Under California law, formal (court) eviction proceedings are the only way to forcibly remove a tenant.  Landlords are not allowed to change the locks on a rental property and lock the tenant out, seize the tenant’s property, shut off their utilities, or remove windows/ doors from the property. 

Landlords are also not allowed to physically remove the tenant themselves (or with the help of their bouncer friends).

If landlords choose to do any of the above, then they will be held liable for any damages caused to the tenant, plus $100 per day for each day that the landlord held the tenant’s property, kept the new locks on the rental unit, failed to replace doors or windows, or kept the tenant’s utilities shut off.

Once the court has reached a decision in a formal eviction case, the tenant will be given five days’ notice to vacate the premises (if the court rules in the landlord’s favor and evicts the tenant).  

If the tenant refuses to leave the property after the fifth day, then they will be forcibly removed by the sheriff, and all personal property seized by the sheriff’s office. 

In addition, the sheriff will put new locks on the rental unit, effectively locking the tenant out.

The landlord may not re-enter the property until the sheriff has fully evicted the tenant.

Necessary repair requests


There may be times during a lease or rental agreement period that an unexpected issue affecting habitability comes up—such as a storm that damages the roof and causes the unit to leak.  At those times, the tenant has the right to request that their landlord make repairs to restore the unit to habitability.

If tenants do request repairs, they have the option to put their request in writing to their landlord, make the request in person, or ask for the repairs over the phone.  

It’s in everyone’s best interest to write down the repair request and for both parties to review it to ensure you are both in agreement on the repairs that need to be made and when they should be done.

The landlord will then have a “reasonable” amount of time to make the repairs—30 days in non-emergency situations, less if say, the water pipes break and the tenant has no water in their unit. 

Unfortunately, the law is vague about what’s “reasonable” in these circumstances, so what may feel reasonable to a landlord may not feel reasonable to a tenant, which is why it’s best to agree to a repair time frame upfront with the tenant and put it in writing.  This way, any potential disputes about the repair can be avoided.

In addition, landlords cannot retaliate against a tenant who has requested that repairs be made which are necessary to maintain a unit’s liveability.

Tenants are required to give landlords access to the property to make necessary repairs.  However, a landlord must give tenants at least 24 hours’ written notice unless:

  • The tenant is home at the time and allows the landlord entry.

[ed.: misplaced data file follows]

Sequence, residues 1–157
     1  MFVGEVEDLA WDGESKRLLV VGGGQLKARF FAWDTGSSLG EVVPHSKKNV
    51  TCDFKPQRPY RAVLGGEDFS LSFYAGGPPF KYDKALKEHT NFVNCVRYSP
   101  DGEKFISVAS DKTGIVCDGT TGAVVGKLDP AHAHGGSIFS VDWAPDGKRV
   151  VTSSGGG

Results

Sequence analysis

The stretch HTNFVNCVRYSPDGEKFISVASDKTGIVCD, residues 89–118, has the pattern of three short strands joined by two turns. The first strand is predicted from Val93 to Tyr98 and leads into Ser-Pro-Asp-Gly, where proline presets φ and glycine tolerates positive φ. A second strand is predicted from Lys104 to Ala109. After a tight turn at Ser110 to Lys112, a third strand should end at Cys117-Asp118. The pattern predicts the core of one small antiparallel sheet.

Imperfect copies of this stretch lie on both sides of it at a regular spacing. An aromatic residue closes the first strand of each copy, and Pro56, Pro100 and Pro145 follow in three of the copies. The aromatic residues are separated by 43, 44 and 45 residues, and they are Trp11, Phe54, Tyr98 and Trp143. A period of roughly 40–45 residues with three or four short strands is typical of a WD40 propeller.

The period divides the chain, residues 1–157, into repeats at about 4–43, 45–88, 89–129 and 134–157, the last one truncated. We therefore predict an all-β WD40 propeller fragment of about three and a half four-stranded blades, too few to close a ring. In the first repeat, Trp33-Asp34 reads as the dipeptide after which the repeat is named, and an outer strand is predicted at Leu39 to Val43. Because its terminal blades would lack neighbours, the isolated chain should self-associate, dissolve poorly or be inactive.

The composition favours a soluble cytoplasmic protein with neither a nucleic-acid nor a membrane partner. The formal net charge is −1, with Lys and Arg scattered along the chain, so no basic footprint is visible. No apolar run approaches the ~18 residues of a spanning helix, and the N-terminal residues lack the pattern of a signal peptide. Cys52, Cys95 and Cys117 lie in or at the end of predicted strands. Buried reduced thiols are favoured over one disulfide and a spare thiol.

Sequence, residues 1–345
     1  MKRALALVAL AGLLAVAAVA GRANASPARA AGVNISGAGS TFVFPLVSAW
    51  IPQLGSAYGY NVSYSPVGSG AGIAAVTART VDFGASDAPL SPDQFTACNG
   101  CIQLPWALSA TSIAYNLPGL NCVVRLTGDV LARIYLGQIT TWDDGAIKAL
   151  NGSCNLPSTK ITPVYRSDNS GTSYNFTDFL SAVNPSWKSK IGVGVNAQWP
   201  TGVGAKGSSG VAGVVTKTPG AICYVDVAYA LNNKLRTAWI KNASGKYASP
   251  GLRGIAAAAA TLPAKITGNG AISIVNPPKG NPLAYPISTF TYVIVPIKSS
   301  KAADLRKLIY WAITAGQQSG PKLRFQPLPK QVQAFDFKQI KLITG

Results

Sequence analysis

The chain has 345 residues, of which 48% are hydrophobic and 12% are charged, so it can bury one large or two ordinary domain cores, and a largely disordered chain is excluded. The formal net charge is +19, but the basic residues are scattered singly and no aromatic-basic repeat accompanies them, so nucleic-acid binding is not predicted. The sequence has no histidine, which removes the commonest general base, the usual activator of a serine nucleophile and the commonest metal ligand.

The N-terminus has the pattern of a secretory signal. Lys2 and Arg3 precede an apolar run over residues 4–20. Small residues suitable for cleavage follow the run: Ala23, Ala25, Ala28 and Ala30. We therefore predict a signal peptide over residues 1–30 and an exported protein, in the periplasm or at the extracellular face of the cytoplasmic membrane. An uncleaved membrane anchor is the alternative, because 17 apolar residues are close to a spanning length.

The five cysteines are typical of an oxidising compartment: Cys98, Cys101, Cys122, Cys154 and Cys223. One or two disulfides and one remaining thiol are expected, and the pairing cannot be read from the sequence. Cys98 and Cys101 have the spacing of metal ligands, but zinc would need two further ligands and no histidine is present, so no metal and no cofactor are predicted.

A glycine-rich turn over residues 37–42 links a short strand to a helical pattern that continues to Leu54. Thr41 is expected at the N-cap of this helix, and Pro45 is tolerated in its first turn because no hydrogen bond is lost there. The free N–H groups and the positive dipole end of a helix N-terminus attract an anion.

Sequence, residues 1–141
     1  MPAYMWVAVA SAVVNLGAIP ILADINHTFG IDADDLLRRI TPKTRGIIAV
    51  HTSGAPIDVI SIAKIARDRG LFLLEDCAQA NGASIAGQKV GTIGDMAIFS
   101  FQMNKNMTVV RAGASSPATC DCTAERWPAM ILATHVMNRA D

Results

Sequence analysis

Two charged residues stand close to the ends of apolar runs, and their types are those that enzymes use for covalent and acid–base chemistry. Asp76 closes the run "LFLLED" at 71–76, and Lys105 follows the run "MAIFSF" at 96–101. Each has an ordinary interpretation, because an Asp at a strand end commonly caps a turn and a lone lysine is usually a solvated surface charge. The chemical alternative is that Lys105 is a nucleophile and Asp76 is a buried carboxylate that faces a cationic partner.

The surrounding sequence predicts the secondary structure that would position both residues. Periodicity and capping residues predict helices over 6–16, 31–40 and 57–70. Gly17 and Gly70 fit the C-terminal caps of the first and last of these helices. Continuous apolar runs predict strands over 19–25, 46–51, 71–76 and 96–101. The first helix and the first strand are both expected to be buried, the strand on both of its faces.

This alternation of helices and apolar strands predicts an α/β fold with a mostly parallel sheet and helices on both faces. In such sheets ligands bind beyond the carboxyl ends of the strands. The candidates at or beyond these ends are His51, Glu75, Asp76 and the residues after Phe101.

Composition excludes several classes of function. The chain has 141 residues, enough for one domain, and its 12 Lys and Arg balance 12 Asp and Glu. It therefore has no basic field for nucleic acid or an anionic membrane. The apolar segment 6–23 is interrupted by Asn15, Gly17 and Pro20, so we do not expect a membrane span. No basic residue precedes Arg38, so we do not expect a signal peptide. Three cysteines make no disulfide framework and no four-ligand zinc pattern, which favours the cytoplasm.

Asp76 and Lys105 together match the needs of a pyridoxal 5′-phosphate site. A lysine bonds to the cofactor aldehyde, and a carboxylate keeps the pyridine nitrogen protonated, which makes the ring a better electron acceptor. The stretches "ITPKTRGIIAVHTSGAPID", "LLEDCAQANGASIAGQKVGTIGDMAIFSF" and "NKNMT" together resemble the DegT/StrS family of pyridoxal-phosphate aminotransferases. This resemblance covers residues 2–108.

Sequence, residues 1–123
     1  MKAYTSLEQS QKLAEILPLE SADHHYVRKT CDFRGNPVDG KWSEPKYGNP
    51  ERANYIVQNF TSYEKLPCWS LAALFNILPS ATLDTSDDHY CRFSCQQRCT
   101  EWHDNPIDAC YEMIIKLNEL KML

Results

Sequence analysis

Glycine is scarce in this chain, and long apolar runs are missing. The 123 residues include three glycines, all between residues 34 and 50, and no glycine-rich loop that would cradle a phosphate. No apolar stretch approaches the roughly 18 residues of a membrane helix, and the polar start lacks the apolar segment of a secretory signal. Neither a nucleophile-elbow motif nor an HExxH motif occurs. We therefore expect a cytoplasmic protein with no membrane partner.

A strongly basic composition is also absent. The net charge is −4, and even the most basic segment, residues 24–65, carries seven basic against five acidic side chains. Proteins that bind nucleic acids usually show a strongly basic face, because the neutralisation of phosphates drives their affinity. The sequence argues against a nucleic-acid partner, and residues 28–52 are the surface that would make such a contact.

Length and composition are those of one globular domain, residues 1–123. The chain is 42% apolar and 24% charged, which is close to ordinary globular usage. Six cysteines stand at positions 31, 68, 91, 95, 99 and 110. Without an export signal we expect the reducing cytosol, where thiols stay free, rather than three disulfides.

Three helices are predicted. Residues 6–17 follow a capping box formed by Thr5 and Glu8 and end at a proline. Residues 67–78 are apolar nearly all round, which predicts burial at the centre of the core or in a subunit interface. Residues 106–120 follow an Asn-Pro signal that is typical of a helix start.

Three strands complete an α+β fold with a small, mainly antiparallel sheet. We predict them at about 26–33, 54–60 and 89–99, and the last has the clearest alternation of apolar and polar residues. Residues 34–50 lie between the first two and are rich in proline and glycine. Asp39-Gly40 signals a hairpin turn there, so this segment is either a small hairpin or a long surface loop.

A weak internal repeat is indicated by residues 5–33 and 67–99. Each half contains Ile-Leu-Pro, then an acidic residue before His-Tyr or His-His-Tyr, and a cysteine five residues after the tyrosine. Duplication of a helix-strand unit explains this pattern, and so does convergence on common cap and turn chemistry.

• It’s an emergency.
  • There’s an oral agreement between the landlord and the tenant regarding when the landlord will be accessing the property to make repairs.
  • The tenant no longer occupies/has abandoned the unit.

If the landlord fails to make the requested repairs that affect the unit’s habitability within a “reasonable” time period (not more than 30 days), their tenant has the right to:

  • Repair it themselves and then deduct the amount of the repair from their monthly rent (if the repair costs less than one month’s rent).  This cannot be done more than twice in one year.
  • Vacate the property immediately without owing any further rent, also known as abandonment.
  • Withhold rent (all or in part) until the necessary repairs have been made.  Withheld amounts may be required to be held in escrow accounts until the issue is resolved, depending on the locale.
  • Pursue legal action for damages.

Again, these tenant remedies only apply to necessary repairs to make the unit habitable that the tenant did not cause through their own actions or inaction.

In addition, if a landlord chooses to retaliate against a tenant for requesting required repairs, under the law, they’re allowed to receive $2,000 for each violation a landlord has committed in retaliating against them.

Finally, if the costs for any repairs were taken out of the tenant’s security deposit, the landlord is required to give them an itemized list of everything paid for from the deposit within 21 days of the lease’s termination, or the landlord will be required to refund the entire security deposit amount to the tenant.

Sources

  1. Nolo, “Overview of Landlord-Tenant Laws in California.”
  2. California Department of Housing and Community Development, “California Tenants:  A Guide to Residential Tenants’ and Landlords’ Rights and Responsibilities.”
  3. SFGate, “Basic Tenants’ Rights in California.”
  4. Nolo, “California Tenant Rights to Withhold Rent or ‘Repair and Deduct’.”

Read About the Warranty of Habitability in Other States